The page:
Self-Care Houston, Episode 24: Jennifer Hughes joins Jennifer Christian in a conversation about the impact of vicarious trauma on healthcare professionals in the medical and mental health fields. Jennifer discusses the impact of trauma on the mind and body. She shares how to identify the effects of vicarious trauma as well as helpful tools to address burnout and compassion fatigue.
Jennifer Hughes is a licensed clinical psychologist and Assistant Professor of Psychiatry at the McGovern Medical School at UTHealth Houston. Her research and clinical work focus on the assessment and treatment of trauma in children and adults. She provides outpatient evidence-based assessment and psychotherapy to treat PTSD and other co-morbid conditions at the UTHealth Trauma and Resilience Center. She also works with the UTHealth Department of Acute Care Surgery, Division of Trauma Surgery, to provide screening and intervention to patients treated at Memorial Hermann TMC following traumatic injury. In addition to her focus on trauma, Dr. Hughes has a particular interest in supporting the wellness of the healthcare team. She has helped developed hospital-wide wellness programs and regularly trains healthcare providers in identifying and addressing burnout, compassion fatigue, and vicarious trauma.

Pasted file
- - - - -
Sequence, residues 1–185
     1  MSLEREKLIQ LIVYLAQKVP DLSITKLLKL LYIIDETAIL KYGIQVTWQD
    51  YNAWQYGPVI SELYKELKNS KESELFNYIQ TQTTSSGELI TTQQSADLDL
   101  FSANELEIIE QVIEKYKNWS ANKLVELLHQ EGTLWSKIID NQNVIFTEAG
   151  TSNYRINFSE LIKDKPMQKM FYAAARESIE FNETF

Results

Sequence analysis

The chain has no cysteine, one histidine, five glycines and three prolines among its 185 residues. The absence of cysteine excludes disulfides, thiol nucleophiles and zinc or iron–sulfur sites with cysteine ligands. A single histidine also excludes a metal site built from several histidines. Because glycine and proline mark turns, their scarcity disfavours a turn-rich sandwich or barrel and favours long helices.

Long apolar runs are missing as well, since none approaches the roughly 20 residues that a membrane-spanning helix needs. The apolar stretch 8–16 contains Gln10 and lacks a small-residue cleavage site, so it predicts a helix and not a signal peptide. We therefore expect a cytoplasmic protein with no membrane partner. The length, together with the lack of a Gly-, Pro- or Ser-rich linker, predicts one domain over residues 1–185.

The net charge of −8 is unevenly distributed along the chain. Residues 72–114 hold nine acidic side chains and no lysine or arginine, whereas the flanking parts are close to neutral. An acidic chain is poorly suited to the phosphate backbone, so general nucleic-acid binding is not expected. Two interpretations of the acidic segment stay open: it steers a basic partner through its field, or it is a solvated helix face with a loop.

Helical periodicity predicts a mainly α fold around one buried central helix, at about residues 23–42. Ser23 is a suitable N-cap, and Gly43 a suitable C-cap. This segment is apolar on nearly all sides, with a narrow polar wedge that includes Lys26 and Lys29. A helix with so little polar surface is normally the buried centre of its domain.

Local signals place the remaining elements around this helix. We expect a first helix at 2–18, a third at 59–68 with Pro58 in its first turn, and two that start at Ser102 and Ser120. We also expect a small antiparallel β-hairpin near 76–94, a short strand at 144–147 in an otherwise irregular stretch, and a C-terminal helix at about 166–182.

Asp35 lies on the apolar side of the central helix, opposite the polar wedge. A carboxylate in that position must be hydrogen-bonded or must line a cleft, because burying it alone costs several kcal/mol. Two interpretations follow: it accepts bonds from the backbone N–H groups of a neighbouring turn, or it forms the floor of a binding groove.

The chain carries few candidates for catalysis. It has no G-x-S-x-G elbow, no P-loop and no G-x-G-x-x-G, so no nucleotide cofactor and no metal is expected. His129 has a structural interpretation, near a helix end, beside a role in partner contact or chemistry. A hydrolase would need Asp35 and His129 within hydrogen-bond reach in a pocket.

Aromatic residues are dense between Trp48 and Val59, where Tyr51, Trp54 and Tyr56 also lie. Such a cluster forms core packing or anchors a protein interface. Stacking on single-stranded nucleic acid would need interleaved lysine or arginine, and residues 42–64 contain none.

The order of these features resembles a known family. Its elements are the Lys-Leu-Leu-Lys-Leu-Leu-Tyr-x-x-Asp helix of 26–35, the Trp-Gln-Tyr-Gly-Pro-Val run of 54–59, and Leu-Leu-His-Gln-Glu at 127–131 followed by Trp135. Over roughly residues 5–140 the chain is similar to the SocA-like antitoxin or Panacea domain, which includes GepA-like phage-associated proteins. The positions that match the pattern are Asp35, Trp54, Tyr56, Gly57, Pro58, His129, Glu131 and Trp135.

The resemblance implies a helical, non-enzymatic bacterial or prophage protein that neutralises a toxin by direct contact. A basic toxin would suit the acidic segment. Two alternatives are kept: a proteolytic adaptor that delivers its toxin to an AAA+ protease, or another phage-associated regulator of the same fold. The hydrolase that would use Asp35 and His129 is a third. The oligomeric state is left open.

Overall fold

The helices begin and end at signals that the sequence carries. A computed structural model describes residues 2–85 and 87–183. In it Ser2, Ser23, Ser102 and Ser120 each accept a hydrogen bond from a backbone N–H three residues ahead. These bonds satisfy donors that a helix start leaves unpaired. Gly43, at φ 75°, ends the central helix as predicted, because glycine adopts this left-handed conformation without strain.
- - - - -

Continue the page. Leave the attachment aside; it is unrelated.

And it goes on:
- ProQOL Scale
- The Vicarious Trauma Toolkit
- Provider Resilience App
- What About You? A Workbook for Those Who Work with Others
- Insight Timer
- Mindfulness for Beginners: Reclaiming the Present Moment and Your Life, Jon Kabat-Zinn (2016)
- A Mindfulness-Based Stress Reduction Workbook, Rob Stahl, Elisha Goldstein, Saki Santorelli, Jon Kabat-Zinn (2010)
- Simple Self-Care for Therapists: Restorative Practices to Weave Through Your Workday, Ashley Davis-Bush (2015)
- Self Care Wheel Olga Phoenix
But, really, what IS mindfulness?
- Observing: attention to internal and external experiences and stimuli Describing: using language to express one’s experiences
- Describing: Using language to express one’s experience.
- Acting with Awareness: being attentive in the present moment rather than “auto pilot”
- Non-Judging of Inner Experience: accepting rather than evaluating one’s thoughts, feelings, and sensations
- Nonreactivity to Inner Experience: Ability to detach from thoughts, feelings, and sensations (Baer et al., 2006)